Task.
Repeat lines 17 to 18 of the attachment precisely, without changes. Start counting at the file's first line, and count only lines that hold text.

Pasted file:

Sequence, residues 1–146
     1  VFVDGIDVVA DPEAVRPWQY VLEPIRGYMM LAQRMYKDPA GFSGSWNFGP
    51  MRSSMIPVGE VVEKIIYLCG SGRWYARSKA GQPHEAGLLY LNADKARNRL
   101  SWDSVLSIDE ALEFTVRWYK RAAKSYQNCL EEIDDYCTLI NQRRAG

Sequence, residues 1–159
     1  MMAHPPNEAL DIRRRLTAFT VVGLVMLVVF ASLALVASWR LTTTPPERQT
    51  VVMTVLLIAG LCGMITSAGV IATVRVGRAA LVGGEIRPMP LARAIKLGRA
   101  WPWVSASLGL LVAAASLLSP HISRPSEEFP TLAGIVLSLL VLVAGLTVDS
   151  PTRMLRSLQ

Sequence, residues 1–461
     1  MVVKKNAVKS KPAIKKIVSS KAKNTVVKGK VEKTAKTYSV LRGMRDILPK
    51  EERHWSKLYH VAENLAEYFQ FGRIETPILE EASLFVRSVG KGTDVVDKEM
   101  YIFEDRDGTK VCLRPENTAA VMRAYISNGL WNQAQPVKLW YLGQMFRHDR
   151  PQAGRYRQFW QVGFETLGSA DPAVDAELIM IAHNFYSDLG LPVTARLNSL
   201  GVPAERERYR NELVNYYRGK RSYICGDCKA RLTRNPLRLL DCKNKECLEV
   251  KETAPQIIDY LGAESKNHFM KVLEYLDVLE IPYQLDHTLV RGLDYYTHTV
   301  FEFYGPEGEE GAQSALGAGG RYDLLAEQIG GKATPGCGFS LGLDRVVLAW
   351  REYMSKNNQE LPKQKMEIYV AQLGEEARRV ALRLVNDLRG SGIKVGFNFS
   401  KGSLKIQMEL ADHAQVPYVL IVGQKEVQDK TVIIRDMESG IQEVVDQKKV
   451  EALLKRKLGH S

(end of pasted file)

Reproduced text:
   301  FEFYGPEGEE GAQSALGAGG RYDLLAEQIG GKATPGCGFS LGLDRVVLAW
   351  REYMSKNNQE LPKQKMEIYV AQLGEEARRV ALRLVNDLRG SGIKVGFNFS